Capturing Awesome Portrait Photography
Probably the most popular photography genre, and for good reason? Portraits. I love shooting portrait sessions and having the opportunity to capture people, their stories, and their personalities all in a little photo. At Sky Mountain Lodge in Victor, Idaho, I had the opportunity to shoot some portrait photography and work on a genre that typically isn’t in my wheelhouse.
Probably my favorite part of my photo excursion in Victor, Idaho was taking headshots. One of my all-time photography heroes Peter Hurley is the headshot king. Check out his work here. I probably had only a few minutes total to capture all of these shots, but I loved how they turned out. For my editing, I used the technique of frequency separation to edit the models skin. By doing this I could separate skin texture and skin tone/color and edit them individually without destroying the other. Shoutout to Michael and Kade for modeling for me!
At my next stop I had three different pictures taken, with the last becoming my epic portrait. For this specific portrait I used no auxillary lighting. Notice how the sky is blown, but the model Chantel is lit nicely.
In the same pose I changed my camera settings so it would be exposed for the sky. The sky looks nice, but the rest of the photo is underexposed.
With camera settings AND auxillary lighting I get this awesome portrait shot. With my settings similar to the second photo and adding in a speelight with rogue flashbender, I was able to get a well exposed model as well as keeping the sky balanced. Hope you enjoy!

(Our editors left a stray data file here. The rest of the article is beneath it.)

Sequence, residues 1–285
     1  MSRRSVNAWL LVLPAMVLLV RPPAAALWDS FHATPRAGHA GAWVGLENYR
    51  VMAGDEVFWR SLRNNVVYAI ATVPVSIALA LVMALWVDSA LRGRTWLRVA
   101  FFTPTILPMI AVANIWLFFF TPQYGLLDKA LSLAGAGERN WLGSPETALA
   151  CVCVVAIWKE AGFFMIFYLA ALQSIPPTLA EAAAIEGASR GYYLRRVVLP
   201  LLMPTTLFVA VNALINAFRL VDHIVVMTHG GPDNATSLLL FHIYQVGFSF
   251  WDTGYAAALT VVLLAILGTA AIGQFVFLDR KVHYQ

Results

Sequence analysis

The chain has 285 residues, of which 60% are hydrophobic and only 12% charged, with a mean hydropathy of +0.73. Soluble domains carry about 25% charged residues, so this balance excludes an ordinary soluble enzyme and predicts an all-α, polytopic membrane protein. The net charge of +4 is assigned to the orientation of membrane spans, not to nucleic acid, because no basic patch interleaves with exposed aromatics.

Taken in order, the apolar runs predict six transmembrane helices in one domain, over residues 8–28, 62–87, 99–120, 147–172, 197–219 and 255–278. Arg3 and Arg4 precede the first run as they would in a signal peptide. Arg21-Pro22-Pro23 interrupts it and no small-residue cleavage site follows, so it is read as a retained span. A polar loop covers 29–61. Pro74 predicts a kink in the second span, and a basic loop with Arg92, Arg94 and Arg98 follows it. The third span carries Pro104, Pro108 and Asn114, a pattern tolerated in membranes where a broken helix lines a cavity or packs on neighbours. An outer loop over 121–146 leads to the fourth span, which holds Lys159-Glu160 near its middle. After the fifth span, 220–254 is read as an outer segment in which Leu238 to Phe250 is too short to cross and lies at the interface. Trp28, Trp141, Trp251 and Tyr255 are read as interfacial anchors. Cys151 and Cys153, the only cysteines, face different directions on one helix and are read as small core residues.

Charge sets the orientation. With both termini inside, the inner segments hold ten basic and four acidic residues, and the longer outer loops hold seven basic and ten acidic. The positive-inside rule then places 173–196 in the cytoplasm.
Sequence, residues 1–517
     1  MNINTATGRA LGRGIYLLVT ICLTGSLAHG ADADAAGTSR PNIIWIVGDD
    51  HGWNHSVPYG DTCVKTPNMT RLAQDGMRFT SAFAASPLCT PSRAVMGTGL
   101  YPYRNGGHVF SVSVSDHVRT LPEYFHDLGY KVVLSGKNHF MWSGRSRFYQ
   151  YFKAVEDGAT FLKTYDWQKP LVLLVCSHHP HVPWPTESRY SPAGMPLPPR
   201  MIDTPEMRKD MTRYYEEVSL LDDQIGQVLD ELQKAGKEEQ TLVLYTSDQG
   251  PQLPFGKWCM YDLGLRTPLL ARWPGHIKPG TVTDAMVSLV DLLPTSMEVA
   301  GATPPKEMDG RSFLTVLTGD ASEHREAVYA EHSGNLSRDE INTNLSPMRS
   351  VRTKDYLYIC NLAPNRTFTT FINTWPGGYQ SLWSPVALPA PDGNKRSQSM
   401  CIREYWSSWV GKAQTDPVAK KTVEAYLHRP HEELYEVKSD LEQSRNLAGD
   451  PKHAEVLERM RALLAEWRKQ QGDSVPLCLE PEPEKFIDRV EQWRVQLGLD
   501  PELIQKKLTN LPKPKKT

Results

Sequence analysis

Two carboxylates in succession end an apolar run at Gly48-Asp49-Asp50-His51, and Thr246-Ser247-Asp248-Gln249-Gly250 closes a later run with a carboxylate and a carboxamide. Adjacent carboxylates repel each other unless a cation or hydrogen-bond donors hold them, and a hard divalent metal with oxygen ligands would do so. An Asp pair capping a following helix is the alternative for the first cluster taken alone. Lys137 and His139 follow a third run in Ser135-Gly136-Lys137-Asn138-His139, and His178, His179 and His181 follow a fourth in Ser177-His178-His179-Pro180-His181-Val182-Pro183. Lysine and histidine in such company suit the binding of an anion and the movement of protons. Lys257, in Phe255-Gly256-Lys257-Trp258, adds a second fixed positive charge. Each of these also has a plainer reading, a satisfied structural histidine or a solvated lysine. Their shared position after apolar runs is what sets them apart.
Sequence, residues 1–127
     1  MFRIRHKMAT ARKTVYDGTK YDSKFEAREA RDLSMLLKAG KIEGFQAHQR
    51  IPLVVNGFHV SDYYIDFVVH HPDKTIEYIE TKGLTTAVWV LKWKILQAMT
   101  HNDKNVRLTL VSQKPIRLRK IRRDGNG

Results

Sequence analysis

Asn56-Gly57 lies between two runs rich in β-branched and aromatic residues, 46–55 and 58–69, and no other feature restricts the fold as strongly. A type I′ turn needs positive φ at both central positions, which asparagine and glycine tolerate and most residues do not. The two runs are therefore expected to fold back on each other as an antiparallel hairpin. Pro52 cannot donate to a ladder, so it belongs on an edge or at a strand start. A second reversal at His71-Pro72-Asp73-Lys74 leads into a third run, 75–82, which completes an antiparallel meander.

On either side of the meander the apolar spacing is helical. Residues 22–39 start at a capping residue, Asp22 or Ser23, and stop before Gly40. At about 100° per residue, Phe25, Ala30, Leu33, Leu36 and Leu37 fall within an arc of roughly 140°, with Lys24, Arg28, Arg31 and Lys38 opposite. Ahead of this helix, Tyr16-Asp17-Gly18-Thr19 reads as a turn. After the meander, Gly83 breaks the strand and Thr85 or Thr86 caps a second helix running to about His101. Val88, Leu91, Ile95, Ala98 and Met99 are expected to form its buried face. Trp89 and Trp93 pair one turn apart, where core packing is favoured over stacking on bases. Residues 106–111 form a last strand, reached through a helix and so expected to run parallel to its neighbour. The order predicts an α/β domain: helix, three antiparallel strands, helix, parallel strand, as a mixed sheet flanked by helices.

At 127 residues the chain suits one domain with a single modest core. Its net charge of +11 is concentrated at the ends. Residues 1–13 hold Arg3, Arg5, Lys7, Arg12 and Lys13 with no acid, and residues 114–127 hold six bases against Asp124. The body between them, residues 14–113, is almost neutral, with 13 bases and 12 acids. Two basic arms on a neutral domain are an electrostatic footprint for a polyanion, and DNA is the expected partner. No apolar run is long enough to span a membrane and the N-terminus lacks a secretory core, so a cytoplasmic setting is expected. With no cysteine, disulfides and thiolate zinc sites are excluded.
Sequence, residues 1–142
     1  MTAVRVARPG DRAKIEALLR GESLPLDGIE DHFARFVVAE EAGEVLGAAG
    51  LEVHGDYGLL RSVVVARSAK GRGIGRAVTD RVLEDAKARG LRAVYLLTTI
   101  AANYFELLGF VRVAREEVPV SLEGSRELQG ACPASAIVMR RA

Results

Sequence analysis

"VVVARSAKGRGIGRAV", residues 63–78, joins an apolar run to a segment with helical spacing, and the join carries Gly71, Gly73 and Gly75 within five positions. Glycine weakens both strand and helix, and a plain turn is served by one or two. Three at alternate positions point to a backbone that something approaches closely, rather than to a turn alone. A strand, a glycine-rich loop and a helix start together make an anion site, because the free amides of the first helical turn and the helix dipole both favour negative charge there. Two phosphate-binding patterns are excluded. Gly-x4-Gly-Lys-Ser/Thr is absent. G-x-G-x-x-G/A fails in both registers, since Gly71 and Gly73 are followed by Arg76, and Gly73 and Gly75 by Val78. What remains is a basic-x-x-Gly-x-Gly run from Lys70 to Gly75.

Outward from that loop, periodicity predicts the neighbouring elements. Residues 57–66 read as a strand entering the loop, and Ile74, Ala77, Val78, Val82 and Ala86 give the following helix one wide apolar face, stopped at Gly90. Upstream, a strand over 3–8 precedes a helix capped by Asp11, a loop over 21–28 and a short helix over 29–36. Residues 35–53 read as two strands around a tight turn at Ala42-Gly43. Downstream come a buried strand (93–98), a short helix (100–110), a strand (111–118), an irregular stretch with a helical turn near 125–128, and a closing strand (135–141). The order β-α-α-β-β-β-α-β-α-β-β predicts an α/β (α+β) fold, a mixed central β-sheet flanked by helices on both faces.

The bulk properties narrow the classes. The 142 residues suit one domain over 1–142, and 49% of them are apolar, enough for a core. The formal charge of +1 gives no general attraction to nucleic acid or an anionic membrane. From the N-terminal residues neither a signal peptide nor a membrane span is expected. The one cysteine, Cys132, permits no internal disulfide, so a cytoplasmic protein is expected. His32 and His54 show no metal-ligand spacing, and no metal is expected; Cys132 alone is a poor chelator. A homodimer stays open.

And to round off my portraits post, here are some themed portraits I also took on the same excursion in Victor, Idaho. In this first environmental portrait Kory dressed as a cowboy in front of this barn near sunrise. I typically like to edit with vibrant colors and try to match the hue/saturation to how I saw it originally, but I loved the idea of using this portrait as an old-style western photo. In my editing I used two different blending modes to get the amount of color/exposure in the sky and foreground and then I used a pre-installed LUT in Adobe Photoshop. Much like Lightroom, through a color lookup layer adjustment, you can use these presets to get the type of photo you are wanting to get.
For this second photo we had Allison modeling with some awesome furs. An einstein strobe was used as auxillary lighting with natural light as a type of hair/back light. This station was awesome because we were able to use some smoke bombs to create this epic and dramatic portrait. In post I sharpened the fur, adjusted the hue/saturation of the whole image, and did some frequency separation edits on the models skin.
Lastly, I used some gelled speedlights to get this split lighting effect on Zhiyang. It took a couple tries to get it just right, but I’m glad I was able to get this split light on his face to make it dramatic and awesome.